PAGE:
Monday, 14 January 2013

Snow - thine enemy

I grew foolishly complacent yesterday, having assumed that Hertfordshire had swerved nimbly enough in a southward direction to avoid this year's snowfall, and thus inflict it on Essex.  To my horror, I woke up this morning to see a front garden like a coat of arms with a field of white against which were various confused birds rampant, (if not hopping mad).

One of the happier book jackets
Whenever the Devil's dandruff descends in this manner, I am put in mind of the second (and titular) volume in Susan Cooper's Dark is Rising series.  This brilliant pentalogy (put that in your look-up matrix, Blogger spell-check) for less old readers weaves various strands of British mythology and fable into a series of adventures involving the three Drew children, who become involved in an aspect of the eternal battle between darkness and light.  Do not be daunted if this sounds like a perfect recipe for cliche, nor should your curiosity be quenched at birth either by some of the more recent book jackets inflicted upon the books (which would be bland and garish if they were much better) nor the disastrous film which took the name of the series - and the second book in particular - in vain.  Cooper's characterisation, style and - most importantly - deft manipulation of mythic and historical figures and themes, and the way she uses them as the engines of the narratives - make this a very successful, interesting and important series.  Lest you were wondering, it is the unnaturally wild and wet weather featured in this book, summoned by The Baddies (I'm sorry, The Dark Ones) which is my pretext for this reference, although I reserve the right to proselytize these works on any and all occasions.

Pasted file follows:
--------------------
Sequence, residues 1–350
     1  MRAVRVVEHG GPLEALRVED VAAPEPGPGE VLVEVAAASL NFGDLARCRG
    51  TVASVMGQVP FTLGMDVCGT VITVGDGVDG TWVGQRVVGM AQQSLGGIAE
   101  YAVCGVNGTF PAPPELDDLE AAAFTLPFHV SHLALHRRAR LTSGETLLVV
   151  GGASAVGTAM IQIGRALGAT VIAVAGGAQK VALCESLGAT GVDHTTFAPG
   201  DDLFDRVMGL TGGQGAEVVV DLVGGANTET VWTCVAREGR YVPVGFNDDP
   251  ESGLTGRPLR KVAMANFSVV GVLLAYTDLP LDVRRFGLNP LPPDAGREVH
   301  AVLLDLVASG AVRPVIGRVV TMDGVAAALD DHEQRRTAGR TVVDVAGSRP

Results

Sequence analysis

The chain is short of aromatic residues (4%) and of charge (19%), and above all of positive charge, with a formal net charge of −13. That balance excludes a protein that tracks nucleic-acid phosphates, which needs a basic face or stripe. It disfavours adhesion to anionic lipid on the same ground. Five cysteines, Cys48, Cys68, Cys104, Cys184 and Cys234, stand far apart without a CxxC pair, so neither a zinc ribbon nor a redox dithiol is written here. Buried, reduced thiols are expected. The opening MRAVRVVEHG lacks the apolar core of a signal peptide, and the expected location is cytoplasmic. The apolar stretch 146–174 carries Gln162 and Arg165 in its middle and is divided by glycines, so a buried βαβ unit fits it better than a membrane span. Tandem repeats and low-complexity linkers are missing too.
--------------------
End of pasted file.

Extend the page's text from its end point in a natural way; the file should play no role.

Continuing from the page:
In the meantime, may I suggest some rarer works of literature appropriate to the current climatic  profile, namely:

Two Snowball Kinsmen
The White Stuff
A Place of Gritter Safety
Ploughers for Algernon

and, of course -

The Elegance of the Sledgehog.

Wrap up warm out there.

1 comment:

  1. Hi David

    I hadn't heard of Susan Cooper until I read your blog this morning. Sounds interesting though and I love the cover (much better than the newer ones I've just seen elsewhere). Sounds like something the kids at school might enjoy too; I'll check her out.